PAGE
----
In 2013 Director James Wan’s “The Conjuring” took the world of horror cinema by storm. The dark and sinister film was so frightening that it earned its R rating from scares alone. Since then, the Conjuring universe has conjured up seven sequels and spin-offs of varying quality. The most recent entry, “The Conjuring: The Devil Made Me Do It,” falls some where in the middle. Far from the worst entry in the series, but lacking the nerve shredding tension of the original.
The story takes place in the early 80’s. A young man, Arne, with no criminal record commits a brutal murder. His court defense and claims of innocence provide the film’s title. “The Devil Made Me Do It.” Ed and Lorraine Warren set out to prove that Arne was, in fact, possessed by a demon at the time the violent crime occurred. In doing so, they face off against dangerous and malevolent forces.
This film focuses on Ed and Lorraine Warren more than any of its predecessors. Patrick Wilson and Vera Farmiga’s turn as the real life paranormal investigators is a highlight of the series, and of this film especially. “The Devil Made Me Do It” sees the franchise take a turn. It moves into new territory and breathes new life into these recurring characters. By taking the scares out of a haunted house setting, the story feels broader.
As the eighth entry in the long running franchise, “The Devil Made Me Do It” strives to be the biggest and most shocking film in the series. Sometimes it succeeds, but often it does not. It’s certainly louder, and the scares (or attempted scares) are put front and center. Little is left to the imagination, and this is where the film flounders. The original managed to create panic inducing dread through little more than a child’s clapping hands. Here, the jumps and fright are thrown at the screen with over the top moments and poor CGI. There is no foreboding entity to go bump in the night, instead it shrieks and contorts in full display.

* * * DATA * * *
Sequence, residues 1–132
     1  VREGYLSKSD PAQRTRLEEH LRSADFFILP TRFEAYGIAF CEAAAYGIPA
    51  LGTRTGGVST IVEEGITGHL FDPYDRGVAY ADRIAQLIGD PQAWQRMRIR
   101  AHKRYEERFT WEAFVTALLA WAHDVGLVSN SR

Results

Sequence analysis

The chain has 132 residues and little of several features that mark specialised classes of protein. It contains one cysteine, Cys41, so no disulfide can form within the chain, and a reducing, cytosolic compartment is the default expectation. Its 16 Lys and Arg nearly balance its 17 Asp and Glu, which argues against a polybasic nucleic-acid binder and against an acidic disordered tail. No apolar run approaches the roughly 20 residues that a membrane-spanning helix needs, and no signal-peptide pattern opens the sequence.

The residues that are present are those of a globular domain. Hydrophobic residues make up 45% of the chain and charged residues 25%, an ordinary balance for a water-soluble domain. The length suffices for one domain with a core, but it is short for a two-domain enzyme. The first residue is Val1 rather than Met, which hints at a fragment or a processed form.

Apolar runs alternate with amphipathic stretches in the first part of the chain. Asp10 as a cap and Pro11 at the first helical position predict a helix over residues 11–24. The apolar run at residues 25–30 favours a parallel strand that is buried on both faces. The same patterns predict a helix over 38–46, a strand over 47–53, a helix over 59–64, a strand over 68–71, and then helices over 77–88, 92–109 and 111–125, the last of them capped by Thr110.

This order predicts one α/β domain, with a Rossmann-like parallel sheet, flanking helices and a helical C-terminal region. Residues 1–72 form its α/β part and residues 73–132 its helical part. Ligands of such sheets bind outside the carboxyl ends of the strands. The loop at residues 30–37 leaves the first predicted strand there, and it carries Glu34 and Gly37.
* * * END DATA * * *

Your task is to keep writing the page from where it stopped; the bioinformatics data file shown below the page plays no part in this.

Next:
“The Devil Made Me Do It” strives to be better than it is and the homages to better and scarier films can be seen throughout. It feels like a love letter to classic horror films while also hoping to break new ground. A courtroom drama with supernatural elements isn’t something that is done often. The best thing this film has going for it (besides the cast) is its ambition. Rather than going through the motions and pumping out another by the numbers haunting, the story breaks new ground and expands upon the lore of the Warrens.
In the end “The Devil Made Me Do It” proves a worthy enough sequel. It’s better than “The Nun” and most of the Annabelle films, but pales in comparison to “The Conjuring” and “The Conjuring 2.” Its inability to build any real suspense is the film’s biggest downfall. 6.5/10